A finding that Intel has made secret payments and allowance of rebates and discounts, and that Intel secretly and discriminatorily extended to certain purchasers special services or privileges, all in violation of California Business & Professions Code § 17045, and treble damages for AMD’s resulting lost profits in an amount to be proven at trial;

 

    A finding that Intel has intentionally interfered with valuable business relationships of AMD to AMD’s economic detriment and damages to AMD in an amount to be proven at trial for its resulting losses, as well as punitive damages, as permitted by law;

 

    Injunctive relief prohibiting Intel from engaging in any further conduct unlawful under Section 2 of the Sherman Act or Section 17045 of the California Business and Professions Code;

 

    An award to AMD of such other, further and different relief as may be necessary or appropriate to restore and maintain competitive conditions in the x86 microprocessor market; and

 

    An award of attorneys’ fees and costs.

 

Intel filed its answer on September 1, 2005.

 

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Other Related Proceedings

 

On June 30, 2005, our Japanese subsidiary, AMD Japan K.K., or AMD Japan, filed an action in Japan against Intel Corporation’s Japanese subsidiary, Intel Kabushiki Kaisha, or Intel K.K., in the Tokyo High Court and the Tokyo District Court for damages arising from violations of Japan’s Antimonopoly Act.

 

Through its suit in the Tokyo High Court, AMD Japan seeks US$50 million in damages, following on the Japan Fair Trade Commission’s (JFTC) findings in its March 8, 2005 Recommendation, or the JFTC Recommendation, that Intel K.K. committed violations of Japan’s Antimonopoly Act. The JFTC Recommendation concluded that Intel K.K. interfered with AMD Japan’s business activities by providing large amounts of funds to five Japanese PC manufacturers (NEC, Fujitsu, Toshiba, Sony, and Hitachi) on the condition that they refuse to purchase AMD’s microprocessors. The suit alleges that as a result of these illegal acts, AMD Japan suffered serious damages, losing all of its sales of microprocessors to Toshiba, Sony, and Hitachi, while sales of microprocessors to NEC and Fujitsu also fell precipitously.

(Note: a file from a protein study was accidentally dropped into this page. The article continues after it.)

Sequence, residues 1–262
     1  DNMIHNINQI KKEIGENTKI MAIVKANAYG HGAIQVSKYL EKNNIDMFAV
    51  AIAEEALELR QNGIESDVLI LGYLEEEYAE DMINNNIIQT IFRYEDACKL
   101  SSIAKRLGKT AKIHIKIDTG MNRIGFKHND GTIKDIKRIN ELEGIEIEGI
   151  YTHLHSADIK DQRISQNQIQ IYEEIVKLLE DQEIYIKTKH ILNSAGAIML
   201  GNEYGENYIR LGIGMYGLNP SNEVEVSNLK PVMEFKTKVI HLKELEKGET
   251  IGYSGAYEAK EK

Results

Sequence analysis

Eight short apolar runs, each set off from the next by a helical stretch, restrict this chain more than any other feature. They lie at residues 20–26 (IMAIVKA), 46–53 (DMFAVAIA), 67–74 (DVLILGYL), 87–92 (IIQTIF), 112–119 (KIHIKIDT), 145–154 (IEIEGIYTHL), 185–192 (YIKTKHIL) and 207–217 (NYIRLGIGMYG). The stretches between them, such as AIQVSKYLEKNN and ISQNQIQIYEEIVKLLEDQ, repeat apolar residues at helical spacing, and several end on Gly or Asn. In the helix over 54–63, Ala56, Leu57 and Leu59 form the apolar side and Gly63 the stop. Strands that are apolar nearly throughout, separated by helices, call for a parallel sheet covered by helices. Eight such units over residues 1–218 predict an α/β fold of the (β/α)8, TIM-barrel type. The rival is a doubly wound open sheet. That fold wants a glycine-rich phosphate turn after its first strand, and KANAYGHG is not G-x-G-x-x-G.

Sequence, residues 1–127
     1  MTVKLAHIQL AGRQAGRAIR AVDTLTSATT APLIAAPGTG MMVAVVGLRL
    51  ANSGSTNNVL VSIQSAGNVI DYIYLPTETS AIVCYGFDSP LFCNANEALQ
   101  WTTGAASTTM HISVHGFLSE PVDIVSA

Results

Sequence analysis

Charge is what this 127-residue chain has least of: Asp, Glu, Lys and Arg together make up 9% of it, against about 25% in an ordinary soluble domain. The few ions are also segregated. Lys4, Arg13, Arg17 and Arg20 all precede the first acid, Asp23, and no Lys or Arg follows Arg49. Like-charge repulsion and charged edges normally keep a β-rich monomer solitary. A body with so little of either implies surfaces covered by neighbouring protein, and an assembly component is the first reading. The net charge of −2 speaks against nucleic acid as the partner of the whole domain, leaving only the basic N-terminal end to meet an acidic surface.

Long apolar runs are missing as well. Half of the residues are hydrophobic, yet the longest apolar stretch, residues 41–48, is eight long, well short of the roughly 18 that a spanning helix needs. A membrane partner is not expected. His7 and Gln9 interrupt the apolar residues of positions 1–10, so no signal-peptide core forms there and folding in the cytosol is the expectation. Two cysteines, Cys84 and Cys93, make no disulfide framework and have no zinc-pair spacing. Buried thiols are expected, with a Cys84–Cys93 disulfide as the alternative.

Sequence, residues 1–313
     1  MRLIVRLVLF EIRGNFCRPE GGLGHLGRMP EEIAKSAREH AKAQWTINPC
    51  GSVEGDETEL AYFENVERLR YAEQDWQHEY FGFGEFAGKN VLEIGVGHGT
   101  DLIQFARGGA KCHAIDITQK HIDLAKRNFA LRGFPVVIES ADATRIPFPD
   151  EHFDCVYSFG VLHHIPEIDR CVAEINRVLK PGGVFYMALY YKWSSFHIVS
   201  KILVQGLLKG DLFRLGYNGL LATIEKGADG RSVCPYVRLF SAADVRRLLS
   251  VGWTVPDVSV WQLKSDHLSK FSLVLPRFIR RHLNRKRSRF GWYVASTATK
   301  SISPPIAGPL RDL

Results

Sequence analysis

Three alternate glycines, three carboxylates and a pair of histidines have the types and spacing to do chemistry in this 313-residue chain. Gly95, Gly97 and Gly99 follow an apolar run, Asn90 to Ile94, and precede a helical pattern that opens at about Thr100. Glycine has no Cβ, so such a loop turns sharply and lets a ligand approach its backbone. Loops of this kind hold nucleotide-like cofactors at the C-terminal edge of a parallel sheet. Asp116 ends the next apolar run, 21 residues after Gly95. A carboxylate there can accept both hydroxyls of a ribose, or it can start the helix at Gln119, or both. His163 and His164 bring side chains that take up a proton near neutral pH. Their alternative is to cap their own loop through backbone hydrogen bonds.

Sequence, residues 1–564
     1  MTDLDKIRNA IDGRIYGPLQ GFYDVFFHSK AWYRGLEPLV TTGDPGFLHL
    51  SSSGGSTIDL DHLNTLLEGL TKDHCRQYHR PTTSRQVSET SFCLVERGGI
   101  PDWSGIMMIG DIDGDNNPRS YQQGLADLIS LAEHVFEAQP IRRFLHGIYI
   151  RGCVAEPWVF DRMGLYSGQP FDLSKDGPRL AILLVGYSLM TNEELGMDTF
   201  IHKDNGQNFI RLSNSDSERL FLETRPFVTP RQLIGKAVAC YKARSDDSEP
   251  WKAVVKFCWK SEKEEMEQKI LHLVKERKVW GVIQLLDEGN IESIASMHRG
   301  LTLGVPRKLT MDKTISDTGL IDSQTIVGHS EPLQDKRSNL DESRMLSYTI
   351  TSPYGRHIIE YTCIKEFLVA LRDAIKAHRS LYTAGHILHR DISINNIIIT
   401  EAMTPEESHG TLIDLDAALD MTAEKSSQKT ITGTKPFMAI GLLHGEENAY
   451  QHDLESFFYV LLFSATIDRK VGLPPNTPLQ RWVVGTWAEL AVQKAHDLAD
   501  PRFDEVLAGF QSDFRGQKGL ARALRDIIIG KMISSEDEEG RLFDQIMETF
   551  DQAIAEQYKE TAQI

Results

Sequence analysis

Through its suit in the Tokyo District Court, AMD Japan seeks US$55 million in damages for various anticompetitive acts in addition to those covered in the scope of the JFTC Recommendation. The suit alleges that these anticompetitive acts also had the effect of interfering with AMD Japan’s right to engage in normal business and marketing activities.

 

Environmental Matters

 

We are named as a responsible party on Superfund clean-up orders for three sites in Sunnyvale, California that are on the National Priorities List. Since 1981, we have discovered hazardous material releases to the groundwater from former underground tanks and proceeded to investigate and conduct remediation at these three sites. The chemicals released into the groundwater were commonly used in the semiconductor industry in the United States in the wafer fabrication process prior to 1979.

 

In 1991, we received Final Site Clean-up Requirements Orders from the California Regional Water Quality Control Board relating to the three sites. We have entered into settlement agreements with other responsible parties on two of the orders during the term of such agreements. Under these agreements other parties have assumed most of the foreseeable costs as well as the primary role in conducting remediation activities under the orders. We remain responsible for additional costs beyond the scope of the agreements as well as all remaining costs in the event that the other parties do not fulfill their obligations under the settlement agreements.

 

To address anticipated future remediation costs under the orders, we have computed and recorded an estimated environmental liability of approximately $4.2 million in accordance with applicable accounting rules and have not recorded any potential insurance recoveries in determining the estimated costs of the cleanup. The progress of future remediation efforts cannot be predicted with certainty, and these costs may change. We believe that the potential liability, if any, in excess of amounts already accrued, will not have a material adverse effect on our financial condition or results of operations.

 

Other Matters

 

We are a defendant or plaintiff in various other actions that arose in the normal course of business. In the opinion of management, the ultimate disposition of these matters will not have a material adverse effect on our financial condition or results of operations.

 

This excerpt taken from the AMD 10-Q filed Aug 4, 2005.

ITEM 1. LEGAL PROCEEDINGS.

 

AMD v. Intel Corporation and Intel Kabushiki Kaisha, Civil Action No. 05-441, in the United States District Court for the District of Delaware.

 

On June 27, 2005, we filed an antitrust complaint against Intel Corporation and Intel Kabushiki Kaisha, collectively “Intel,” in the United States District Court for the District of Delaware under Section 2 of the Sherman Antitrust Act, Sections 4 and 16 of the Clayton Act, and the California Business and Professions Code. The complaint alleges that Intel has unlawfully maintained a monopoly in the x86 microprocessor market by engaging in anti-competitive financial and exclusionary business practices that in effect limit Intel’s customers’ ability and/or incentive to deal with AMD. The complaint alleges anti-competitive business practices, including:

 

  Forcing major customers into Intel-exclusive deals in return for outright cash payments, discriminatory pricing or marketing subsidies conditioned on the exclusion of AMD;